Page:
I didn't have time to get into it in the lecture, but Blaise Pascal picked up on Descartes' intellect/will thing around the same time in a really cool little tract called "The Art of Persuasion" in which he goes into some of this. For one relevant bit:
"I speak therefore only to the truths within our reach; and it is of them that I say that the mind and the heart are as doors by which they are received into the soul, but that very few enter by the mind, whilst they are brought in in crowds by the rash caprices of the will"
Part 2 doesn't really have any historical/political material. I shift in Part 2 to solutions to skepticism, ways to live without falling into the psychological abyss of skepticism, and I do that by quickly running through pragmatism and ordinary language philosophy before finally getting to Inception.
I've been hearing this all my life. Talking slower always has been and probably always will be my biggest problem. I timed each part ahead of time and the last time I ran it through, Part 1 clocked in at 51 minutes. As you can see by the time stamp for the first video, I barely even cracked 40 minutes.
The way Bas used to put "R" on each hand to remind himself to relax, I feel like I should put "S" on each hand to remind myself to slow down. But I just get so into it. At the end of the first part, I felt like Robin Williams. I was hot and sweating and wishing I had a giant fan on me and a stool full of water bottles.
Fuck yeah. I say it in the second video: It's the best film of the 21st Century and legit one of the GOAT.
No. The movie itself seems really cool but I don't like Amy Adams and I'm 50/50 on Jeremy Renner - not to mention I've only seen two films from Villeneuve (Prisoners and Sicario) and wasn't crazy about either one - so I've been putting it off.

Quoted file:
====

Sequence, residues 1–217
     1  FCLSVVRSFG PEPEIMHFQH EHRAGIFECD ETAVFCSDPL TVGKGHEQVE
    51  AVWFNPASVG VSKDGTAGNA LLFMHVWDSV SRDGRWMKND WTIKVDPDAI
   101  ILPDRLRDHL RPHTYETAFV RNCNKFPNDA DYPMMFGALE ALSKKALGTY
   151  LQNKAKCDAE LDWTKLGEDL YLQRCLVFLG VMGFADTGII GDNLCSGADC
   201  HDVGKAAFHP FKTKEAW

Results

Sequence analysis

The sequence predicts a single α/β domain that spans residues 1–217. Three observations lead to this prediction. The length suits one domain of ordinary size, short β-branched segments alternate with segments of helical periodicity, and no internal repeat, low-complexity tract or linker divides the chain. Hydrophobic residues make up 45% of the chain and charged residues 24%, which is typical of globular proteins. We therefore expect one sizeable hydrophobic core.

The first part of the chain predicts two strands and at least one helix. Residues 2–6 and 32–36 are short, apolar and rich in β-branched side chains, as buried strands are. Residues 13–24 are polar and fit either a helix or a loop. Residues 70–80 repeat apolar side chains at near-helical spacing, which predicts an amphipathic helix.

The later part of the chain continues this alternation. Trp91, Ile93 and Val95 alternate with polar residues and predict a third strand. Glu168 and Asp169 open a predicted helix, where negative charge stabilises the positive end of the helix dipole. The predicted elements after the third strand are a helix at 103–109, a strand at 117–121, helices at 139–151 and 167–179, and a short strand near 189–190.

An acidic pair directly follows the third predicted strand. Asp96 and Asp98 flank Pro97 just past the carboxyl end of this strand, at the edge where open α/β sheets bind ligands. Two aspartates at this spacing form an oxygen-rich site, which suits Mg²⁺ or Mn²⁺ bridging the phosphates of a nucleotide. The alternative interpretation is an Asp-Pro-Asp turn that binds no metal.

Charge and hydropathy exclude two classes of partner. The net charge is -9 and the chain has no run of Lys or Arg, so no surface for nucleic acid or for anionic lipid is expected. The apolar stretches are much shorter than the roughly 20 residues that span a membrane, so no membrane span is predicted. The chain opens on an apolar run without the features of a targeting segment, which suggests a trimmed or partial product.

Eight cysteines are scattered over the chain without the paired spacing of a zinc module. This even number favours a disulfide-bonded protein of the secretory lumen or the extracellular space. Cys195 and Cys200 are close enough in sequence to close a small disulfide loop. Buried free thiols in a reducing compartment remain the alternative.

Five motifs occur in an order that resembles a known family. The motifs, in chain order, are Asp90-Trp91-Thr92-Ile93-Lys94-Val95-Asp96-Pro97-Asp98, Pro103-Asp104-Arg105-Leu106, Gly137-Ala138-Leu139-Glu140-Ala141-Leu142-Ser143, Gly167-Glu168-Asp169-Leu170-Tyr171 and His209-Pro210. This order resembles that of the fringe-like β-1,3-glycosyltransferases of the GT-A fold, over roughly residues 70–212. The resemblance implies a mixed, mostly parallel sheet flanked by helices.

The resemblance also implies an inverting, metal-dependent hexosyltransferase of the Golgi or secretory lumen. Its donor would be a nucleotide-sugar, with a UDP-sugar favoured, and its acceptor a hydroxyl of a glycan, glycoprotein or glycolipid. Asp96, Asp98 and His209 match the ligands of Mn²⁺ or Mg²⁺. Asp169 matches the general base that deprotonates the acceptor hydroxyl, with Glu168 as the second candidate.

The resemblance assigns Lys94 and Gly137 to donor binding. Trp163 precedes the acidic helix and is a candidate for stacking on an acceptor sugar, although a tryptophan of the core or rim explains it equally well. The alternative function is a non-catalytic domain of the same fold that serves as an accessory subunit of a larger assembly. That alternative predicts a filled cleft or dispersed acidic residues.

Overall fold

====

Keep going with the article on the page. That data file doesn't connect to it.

You should see it. I think youll find it somewhat interesting. Im leani ng towards you not liking it
@Flemmy Stardust you saw it?
they can understand us because we don't have an accent.
Picked up Atom Egoyan's Exotica on a friends recommendation and found it excellent although having watched it I do actually remember catching part of it on TV back in the 90's. Very oddball story mixing a strip club the film takes it name from, world weary accountants and parrot egg smugglers that seems like a bit of a strange meeting point between Tarantino(|came out the same year as Pulp Fiction) and early Ridley Scott(a couple of years after the Blade Runner directors cut release). Indeed in some ways it actually brings more of a Blade Runner atmosphere to mind than 2049 did with a general noir vibe, the Taffy Lewis like club and the cluttered exotic pet shop plus the middle eastern touches to the soundtrack.
Yeah that was definitively an oddball picture. Great camerawork though.
Honestly, it never really resonated with me that much. I've heard a lot of people describe it as a film with a lot of pathos. That the ending reveal was a real emotional knockout for them. But I can't really say that I was enchanted by the characters or this reveal -- more intrigued by its peculiar mood. It's sort of one of those film that tries meshing the culturally high and the culturally low through its artistic lens -- presenting a lowly strip-club as some sort of traditionbound, aesthetically-cultured hangout. Mia Kirshner's "stripping" comming off more as performance art or something likewise that's an procedural exploration of her state-of-mind.